By the early 1990s, the two main parent areas – hypertext and user modeling – had achieved a level of maturity that allowed for the research in these areas to be explored together. Many researchers had recognized the problems of static hypertext in different application areas, and explored various ways to adapt the output and behavior of hypertext systems to suit the needs of individual users. Several early papers on adaptive hypermedia were published in the User Modeling and User-Adapted Interaction (UMUAI) journal; the first workshop on adaptive hypermedia was held during a user modeling conference; and a special issue of UMUAI on adaptive hypermedia was published in 1996. Several innovative adaptive hypermedia techniques had been developed, and several research-level adaptive hypermedia systems had been built and evaluated.
After 1996, adaptive hypermedia grew rapidly. Research teams commenced projects in adaptive hypermedia, and many students selected the subject area for their PhD theses. A book on adaptive hypermedia, and a special issue of the New Review of Hypermedia and Multimedia (1998) were published. Two main factors accounted for this growth. Due a diverse audience, the internet boosted research into adaptivity. Almost all the papers published before 1996 describe classic pre-Web hypertext and hypermedia; the majority of papers published since 1996 are devoted to Web-based adaptive hypermedia systems. The second factor was is the accumulation and consolidation of research experience in the field. Early papers provided few references to similar work in adaptive hypermedia, and described original laboratory systems developed to demonstrate and explore innovative ideas. After 1996, papers cite earlier work, and usually suggest either real world systems, or research systems developed for real world settings by elaborating or an extending techniques suggested earlier. This is indicative of the relative maturity of adaptive hypermedia as a research direction.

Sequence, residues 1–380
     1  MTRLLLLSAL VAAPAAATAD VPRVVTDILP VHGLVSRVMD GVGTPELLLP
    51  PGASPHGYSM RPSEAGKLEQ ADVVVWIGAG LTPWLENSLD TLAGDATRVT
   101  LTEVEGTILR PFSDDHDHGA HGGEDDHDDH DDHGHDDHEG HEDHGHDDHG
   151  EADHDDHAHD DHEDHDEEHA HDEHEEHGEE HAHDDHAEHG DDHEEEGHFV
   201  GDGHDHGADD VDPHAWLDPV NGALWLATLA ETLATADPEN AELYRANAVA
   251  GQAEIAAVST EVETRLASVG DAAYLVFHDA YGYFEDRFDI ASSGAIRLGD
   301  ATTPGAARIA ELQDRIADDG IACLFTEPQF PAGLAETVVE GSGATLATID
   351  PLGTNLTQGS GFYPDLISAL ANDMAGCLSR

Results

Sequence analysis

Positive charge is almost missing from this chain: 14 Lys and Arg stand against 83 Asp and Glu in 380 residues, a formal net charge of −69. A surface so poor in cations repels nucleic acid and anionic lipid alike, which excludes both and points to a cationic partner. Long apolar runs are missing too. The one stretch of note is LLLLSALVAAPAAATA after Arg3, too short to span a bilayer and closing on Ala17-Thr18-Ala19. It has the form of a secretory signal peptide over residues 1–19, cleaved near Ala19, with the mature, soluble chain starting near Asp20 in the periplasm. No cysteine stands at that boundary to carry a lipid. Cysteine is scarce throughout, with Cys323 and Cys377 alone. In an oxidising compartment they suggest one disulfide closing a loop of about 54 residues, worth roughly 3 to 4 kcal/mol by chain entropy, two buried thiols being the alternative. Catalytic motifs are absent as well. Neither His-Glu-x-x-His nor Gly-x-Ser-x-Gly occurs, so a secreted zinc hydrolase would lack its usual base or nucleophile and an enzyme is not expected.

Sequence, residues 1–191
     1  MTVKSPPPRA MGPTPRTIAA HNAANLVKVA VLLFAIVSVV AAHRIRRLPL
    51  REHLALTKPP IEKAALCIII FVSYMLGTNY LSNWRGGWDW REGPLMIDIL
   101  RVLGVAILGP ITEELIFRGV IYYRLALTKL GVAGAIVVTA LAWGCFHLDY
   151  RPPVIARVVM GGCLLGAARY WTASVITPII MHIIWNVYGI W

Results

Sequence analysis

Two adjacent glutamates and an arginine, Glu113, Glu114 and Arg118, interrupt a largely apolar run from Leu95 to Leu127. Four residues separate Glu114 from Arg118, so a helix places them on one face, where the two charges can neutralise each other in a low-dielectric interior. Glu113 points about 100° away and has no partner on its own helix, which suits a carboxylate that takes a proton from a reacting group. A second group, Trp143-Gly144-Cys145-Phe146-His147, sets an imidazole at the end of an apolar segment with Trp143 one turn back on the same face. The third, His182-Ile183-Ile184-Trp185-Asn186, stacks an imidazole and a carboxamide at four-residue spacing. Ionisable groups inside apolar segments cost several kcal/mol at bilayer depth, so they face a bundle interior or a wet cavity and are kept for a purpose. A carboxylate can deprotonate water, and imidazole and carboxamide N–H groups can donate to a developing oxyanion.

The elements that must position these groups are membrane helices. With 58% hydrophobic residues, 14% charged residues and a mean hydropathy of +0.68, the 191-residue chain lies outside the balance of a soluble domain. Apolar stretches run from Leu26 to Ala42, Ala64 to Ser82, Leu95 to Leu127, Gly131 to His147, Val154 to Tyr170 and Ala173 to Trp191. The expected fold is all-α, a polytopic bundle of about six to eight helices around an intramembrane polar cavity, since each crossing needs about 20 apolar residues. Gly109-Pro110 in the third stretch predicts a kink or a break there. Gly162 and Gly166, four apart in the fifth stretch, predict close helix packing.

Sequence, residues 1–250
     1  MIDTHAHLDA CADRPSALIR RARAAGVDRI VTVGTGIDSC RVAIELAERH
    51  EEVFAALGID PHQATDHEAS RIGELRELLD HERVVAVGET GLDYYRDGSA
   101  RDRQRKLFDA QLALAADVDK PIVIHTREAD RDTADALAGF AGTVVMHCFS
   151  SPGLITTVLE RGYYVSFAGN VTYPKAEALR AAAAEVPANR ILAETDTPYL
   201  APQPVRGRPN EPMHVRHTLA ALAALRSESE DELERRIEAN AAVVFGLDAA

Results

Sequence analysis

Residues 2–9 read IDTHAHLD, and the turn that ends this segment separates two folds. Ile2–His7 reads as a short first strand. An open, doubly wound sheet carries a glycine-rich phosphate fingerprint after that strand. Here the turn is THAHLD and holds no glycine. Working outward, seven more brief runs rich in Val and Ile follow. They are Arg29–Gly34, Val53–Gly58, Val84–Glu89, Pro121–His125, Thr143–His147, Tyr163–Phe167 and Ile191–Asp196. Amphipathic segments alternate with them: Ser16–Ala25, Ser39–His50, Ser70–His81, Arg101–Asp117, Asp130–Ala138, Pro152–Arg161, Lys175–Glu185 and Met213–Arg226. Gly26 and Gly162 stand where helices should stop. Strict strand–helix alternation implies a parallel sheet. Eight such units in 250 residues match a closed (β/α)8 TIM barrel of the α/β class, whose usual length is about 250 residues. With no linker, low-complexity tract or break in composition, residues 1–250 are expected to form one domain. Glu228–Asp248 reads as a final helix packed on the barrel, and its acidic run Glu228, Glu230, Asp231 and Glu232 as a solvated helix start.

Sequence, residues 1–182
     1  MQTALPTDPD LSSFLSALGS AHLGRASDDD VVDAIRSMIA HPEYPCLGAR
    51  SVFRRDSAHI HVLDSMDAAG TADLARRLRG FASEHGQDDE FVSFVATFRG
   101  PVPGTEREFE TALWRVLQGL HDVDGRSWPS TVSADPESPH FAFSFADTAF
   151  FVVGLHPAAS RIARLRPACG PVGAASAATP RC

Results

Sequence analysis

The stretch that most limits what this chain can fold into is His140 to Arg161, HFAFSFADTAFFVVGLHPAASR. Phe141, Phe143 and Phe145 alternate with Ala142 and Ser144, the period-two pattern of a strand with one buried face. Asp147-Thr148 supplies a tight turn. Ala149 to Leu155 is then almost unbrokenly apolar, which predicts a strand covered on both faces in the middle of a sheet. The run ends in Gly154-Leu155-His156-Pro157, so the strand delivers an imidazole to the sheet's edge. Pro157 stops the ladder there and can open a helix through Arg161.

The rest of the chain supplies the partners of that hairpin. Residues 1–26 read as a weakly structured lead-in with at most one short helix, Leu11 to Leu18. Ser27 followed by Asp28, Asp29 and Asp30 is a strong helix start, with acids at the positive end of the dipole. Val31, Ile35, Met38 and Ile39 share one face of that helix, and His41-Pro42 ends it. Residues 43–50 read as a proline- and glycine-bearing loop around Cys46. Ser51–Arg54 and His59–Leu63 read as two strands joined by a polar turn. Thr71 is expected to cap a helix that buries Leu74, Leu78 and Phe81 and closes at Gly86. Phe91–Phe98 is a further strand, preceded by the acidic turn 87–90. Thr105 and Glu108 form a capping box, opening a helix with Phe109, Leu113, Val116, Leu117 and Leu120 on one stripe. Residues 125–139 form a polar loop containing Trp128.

Adaptive hypermedia and user modeling continue to be actively researched, with results published in several journals and conferences such as:
- Brusilovsky, Peter (2001). "Adaptive Hypermedia". User Modeling and User-Adapted Interaction. 11 (1–2): 87–110. doi:10.1023/A:1011143116306.
- Weber, Gerherd; Peter Brusilovsky (2003). "ELM-ART: An adaptive versatile system for Web-based instruction". International Journal of Artificial Intelligence in Education. 13 (2–4): 159–172.
- Brusilovsky, Peter; John Eklund (1998). "A study of user-model based link annotation in educational hypermedia". Journal of Universal Computer Science. 4 (4): 429–448.
- Paul De Bra; Licia Calvi (1998). "AHA! An open Adaptive Hypermedia Architecture". The New Review of Hypermedia and Multimedia. 4: 115–139. doi:10.1080/13614569808914698.
- Brusilovsky, Peter (1996). "Methods and Techniques of Adaptive Hypermedia". User Modeling and User-Adapted Interaction. 6 (2–3): 87–129. doi:10.1007/bf00143964.
- De Bra, Paul; Calvi, Licia. "AHA: a Generic Adaptive Hypermedia System". Retrieved 1 April 2013.
- Rodríguez, Verónica; Ayala, Gerardo (2012). "Adaptivity and Adaptability of Learning Object's Interface". International Journal of Computer Applications. 37 (1).
- Benyon, David; Murray, Dianne. "Applying user modelling to human-computer interaction design" (PDF). lucite. Retrieved 4 March 2013.[permanent dead link]
- Wahlster, W.; Kobsa, A. (1987). "Dialogue-based user models". Proc. IEEE. 74 (4).
- Triantafillou, E, Pomportsis, A, & Demetriadis, S. (2003). The design and the formative evaluation of an adaptive educational system based on cognitive styles. Computers & Education, 41(87-103), Retrieved from http://www.cdli.ca/~bmann/0_ARTICLES/FormEval_Triantafillou_03.pdf doi:10.1016/S0360-1315(03)00031-9
- Brusilovsky, Peter (2003). "Developing Adaptive Educational Hypermedia Systems: From Design Models to Authoring Tools". Authoring Tools for Advanced Technology Learning Environments: Toward cost-effective adaptive, interactive, and intelligent educational software. Kluwer. ISBN 978-1-4020-1772-8.
- De Bra, Paul; Houben, Geert-Jan; Wu, Hongjing. "AHA: AHAM: A Reference Model to Support Adaptive Hypermedia Authoring". Retrieved 1 April 2013.
- LAG language by Alexander I. Cristea et al., the LAG-XLS language by Natalia Stash et al.
- "Archived copy". Archived from the original on 2012-02-12. Retrieved 2016-04-23.CS1 maint: Archived copy as title (link)
- Cristea, A. (2005). Authoring of Adaptive Hypermedia. Educational Technology & Society, 8 (3), 6-8. ()
- Brusilovsky, P. (2003) Developing adaptive educational hypermedia systems: From design models to authoring tools. In: T. Murray, S. Blessing and S. Ainsworth (eds.): Authoring Tools for Advanced Technology Learning Environment. Dordrecht: Kluwer Academic Publishers, 377-409. 
- A. Cristea and L. Aroyo, Adaptive Authoring of Adaptive Educational Hypermedia, AH 2002, Adaptive Hypermedia and Adaptive Web-Based Systems, LNCS 2347, Springer, 122-132 "Archived copy" (PDF). Archived from the original (PDF) on 2010-02-16. Retrieved 2008-02-28.CS1 maint: Archived copy as title (link)
- Proceedings of the workshops on authoring of adaptable and adaptive hypermedia (A3H)